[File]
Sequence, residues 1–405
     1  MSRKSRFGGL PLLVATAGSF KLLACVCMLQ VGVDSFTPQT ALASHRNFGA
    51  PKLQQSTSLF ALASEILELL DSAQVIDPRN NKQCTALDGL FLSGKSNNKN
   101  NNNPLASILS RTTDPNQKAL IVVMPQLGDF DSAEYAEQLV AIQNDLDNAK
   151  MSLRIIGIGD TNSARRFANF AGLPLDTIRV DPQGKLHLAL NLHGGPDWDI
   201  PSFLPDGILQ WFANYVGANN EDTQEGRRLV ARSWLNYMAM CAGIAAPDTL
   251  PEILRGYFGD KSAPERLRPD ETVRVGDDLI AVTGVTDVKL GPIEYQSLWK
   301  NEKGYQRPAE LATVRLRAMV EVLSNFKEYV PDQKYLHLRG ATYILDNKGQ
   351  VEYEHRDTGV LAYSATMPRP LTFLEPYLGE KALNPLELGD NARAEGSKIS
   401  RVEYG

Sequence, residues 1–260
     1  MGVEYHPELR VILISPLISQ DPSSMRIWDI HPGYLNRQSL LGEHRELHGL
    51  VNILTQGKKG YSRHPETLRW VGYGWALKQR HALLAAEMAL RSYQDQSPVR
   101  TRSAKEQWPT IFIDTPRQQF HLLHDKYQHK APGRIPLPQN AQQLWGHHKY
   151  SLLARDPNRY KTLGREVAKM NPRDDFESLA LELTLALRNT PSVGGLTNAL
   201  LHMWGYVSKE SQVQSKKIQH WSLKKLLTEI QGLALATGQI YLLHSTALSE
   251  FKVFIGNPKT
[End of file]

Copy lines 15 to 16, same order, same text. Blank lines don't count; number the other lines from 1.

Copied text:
   151  SLLARDPNRY KTLGREVAKM NPRDDFESLA LELTLALRNT PSVGGLTNAL
   201  LHMWGYVSKE SQVQSKKIQH WSLKKLLTEI QGLALATGQI YLLHSTALSE